When Fly Fishing from Shore can (sometimes) be Better
From float tubes and canoes to tricked-out skiffs, fly fishers take to the water in a variety of craft. Fishing from one of these is undoubtedly fun and can be extremely productive, but is being on the water always the most productive way to fish? Typically, I would say that yes, you'll get into better action much of the time, but in some instances wading or fishing from shore can be just about as good — or even better!
There's also something just plain neat about fishing while on foot. The walking, the wading, the climbing, and the bushwhacking makes it a more raw, basic, and intimate experience. On top of all that, when you do have a very productive day on foot it can feel more rewarding, too.
So, when and why can fishing on foot be an advantage? Here's a few of the ways...
When Staying in Position- When on any type of floating craft, you're often fighting against drift caused by wind and current. Products like Power Poles and special trolling motors can help to quickly and conveniently hold a boat perfectly in position, but the majority of vessels out there aren't equipped with these luxuries. Fishing on foot keeps you in one set place, thus allowing you to focus entirely on effectively and thoroughly fishing a spot rather than having to simultaneously deal with constant movements or getting out of position.
When You've Gotta be Extra Sneaky- Craft like float tubes and kickboats can be pretty quiet, but some boats (and boaters) make their arrivals known from quite a distance away. Whether it's hull slap, the sound of an outboard engine, or simply dropping something heavy on the deck, there's many unnatural noises that can instantly let the fish know you're getting close. Fishing on foot takes all of that out of the equation and typically enables you to get closer to your quarry — especially important in calm, shallow water.
When Extra Elevation is Helpful- While you're actually looking for fish in the water, having some added elevation helps a lot. Even just an extra foot or two. That's precisely why most guides that run flats skiffs have that little platform on the bow for their clients to fish from. Generally speaking, being on a boat offers an excellent vantage point for sight-fishing because you're always at an elevated position above the water's surface. Of course, more elevation gives you an even better view. I have seen guys redfishing on the gulf coast that bring actual ladders on their boat to spot fish from!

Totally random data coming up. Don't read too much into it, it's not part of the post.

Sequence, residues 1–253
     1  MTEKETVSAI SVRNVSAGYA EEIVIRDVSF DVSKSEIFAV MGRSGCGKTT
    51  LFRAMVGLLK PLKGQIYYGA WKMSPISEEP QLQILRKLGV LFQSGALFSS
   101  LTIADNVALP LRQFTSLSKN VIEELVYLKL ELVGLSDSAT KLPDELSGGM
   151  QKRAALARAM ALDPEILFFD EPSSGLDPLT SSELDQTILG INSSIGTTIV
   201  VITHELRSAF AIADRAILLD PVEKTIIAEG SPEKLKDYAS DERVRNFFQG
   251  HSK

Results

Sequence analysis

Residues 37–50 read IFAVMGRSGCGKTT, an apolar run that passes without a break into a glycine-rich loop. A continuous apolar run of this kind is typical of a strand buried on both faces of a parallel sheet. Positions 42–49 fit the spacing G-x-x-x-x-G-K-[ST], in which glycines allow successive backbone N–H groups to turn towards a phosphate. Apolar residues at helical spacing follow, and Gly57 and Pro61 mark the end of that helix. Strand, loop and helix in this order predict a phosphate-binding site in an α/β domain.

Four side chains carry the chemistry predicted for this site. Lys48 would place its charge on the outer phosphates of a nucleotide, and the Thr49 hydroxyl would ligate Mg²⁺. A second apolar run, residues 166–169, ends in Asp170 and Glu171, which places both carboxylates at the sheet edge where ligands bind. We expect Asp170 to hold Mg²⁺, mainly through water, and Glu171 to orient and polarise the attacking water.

One cool thing about bank fishing is that depending on the topography of the shoreline, the angler might be able to access some high ground to scan for fish or likely underwater habitat. I've used tall shoreline rises, bluffs, and even sand dunes to get a better look at what's going on; sometimes even casting and hooking fish from atop these high spots before scrambling back down to the water's edge. Observing from such a high spot can reveal some awesome surprises that you'd otherwise totally miss.
When Dealing with High Winds- Wind can really improve the fishing, but too much of it can prove annoying, sketchy, or even life-threatening when actually out on the water. Even on the nastiest days, the wading or bank angler can often find somewhere or some way to effectively wet a line while staying completely out of any possible danger. Strong winds have a tendency to keep less-devoted or less-experienced fly anglers home, so don't let these conditions necessarily deter you. Just because you shouldn't launch your boat or tube doesn't mean you still can't make a great day out of it.
I haven't owned a boat in quite some time now (looking to change that soon!), but bank angling isn't necessarily always a handicap. Even when I owned boats, I still enjoyed the occasional shoreline adventure just to mix things up or to fish an area that was simply more effectively done on foot. It's a great way to quickly, cheaply, and easily go fishing, gets you outdoors and moving around, and hey, when nature calls it's a heckuva lot easier to take care of business!